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Streamline Data Processes with the Data Engineering Lifecycle

Nicole Mitich is the content marketing manager @ Census. She's carried a love for reading and writing since childhood, but her particular focus is on streamlining technical communication through writing. She loves seeing (and helping) technical folks share their wisdom.

Nicole Mitich is the content marketing manager @ Census. She's carried a love for reading and writing since childhood, but her particular focus is on streamlining technical communication through writing. She loves seeing (and helping) technical folks share their wisdom.

Streamline Data Processes with the Data Engineering Lifecycle

Somewhere along the line, folks began defining data engineers as people who worked in specific technologies like Hadoop or Spark. From there, they gained a reputation for being super complex and technical.

While they can be both of those 👆 things, that doesn’t mean analysts and business users should just ignore everything data engineering-related. Sure, technology changes, but the goal of data engineers remains the same: To turn raw, messy, complex data into high-quality information other teams can use. And because engineering makes the whole data machine run, understanding the lifecycle data moves through makes you a better data collaborator – regardless of your role.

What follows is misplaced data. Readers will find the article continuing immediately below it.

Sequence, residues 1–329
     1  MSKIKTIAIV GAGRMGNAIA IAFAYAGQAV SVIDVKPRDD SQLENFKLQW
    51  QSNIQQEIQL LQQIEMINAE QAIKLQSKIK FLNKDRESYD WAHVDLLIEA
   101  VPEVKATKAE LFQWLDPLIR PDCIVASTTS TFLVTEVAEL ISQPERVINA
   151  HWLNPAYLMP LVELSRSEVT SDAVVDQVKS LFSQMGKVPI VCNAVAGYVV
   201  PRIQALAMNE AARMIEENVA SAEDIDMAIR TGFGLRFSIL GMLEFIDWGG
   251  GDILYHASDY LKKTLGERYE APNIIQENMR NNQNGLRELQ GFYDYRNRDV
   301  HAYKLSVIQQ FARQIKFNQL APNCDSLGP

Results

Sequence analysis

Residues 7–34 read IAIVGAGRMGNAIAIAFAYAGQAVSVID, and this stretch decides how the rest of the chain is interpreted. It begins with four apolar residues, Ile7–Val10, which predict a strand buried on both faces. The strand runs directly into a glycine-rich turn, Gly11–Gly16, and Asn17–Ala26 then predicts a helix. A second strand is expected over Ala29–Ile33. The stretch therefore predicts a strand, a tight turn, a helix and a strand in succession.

What is a data engineering lifecycle?

The data engineering lifecycle is a method for overseeing data engineering processes including data acquisition, integration, storage, processing, and analysis. This lifecycle incorporates structured and interconnected stages aimed at consistently delivering high-quality data engineering projects. The main objective is to assist data engineers in creating reliable, high-quality data sets that are suitable for their intended use and can aid in business decision-making.

To help folks better understand the data engineering lifecycle, Matt Housley – co-founder of Ternary Data and co-author of the book Fundamentals of Data Engineering – broke it down during his Summer Community Days session titled, How Understanding the Data Engineering Lifecycle Helps Us All Work Better with Data Engineers.

In his talk, Matt split the data engineering lifecycle problems into 🔑 stages (generation, storage, ingestion, transformation, and serving). Plus, as a teaser (if you haven’t read this 💎 already), he discussed concepts from the Fundamentals of Data Engineering to introduce these stages to data practitioners of all flavors, to help them better collaborate with data engineers to deliver outstanding data products.

Data engineering challenges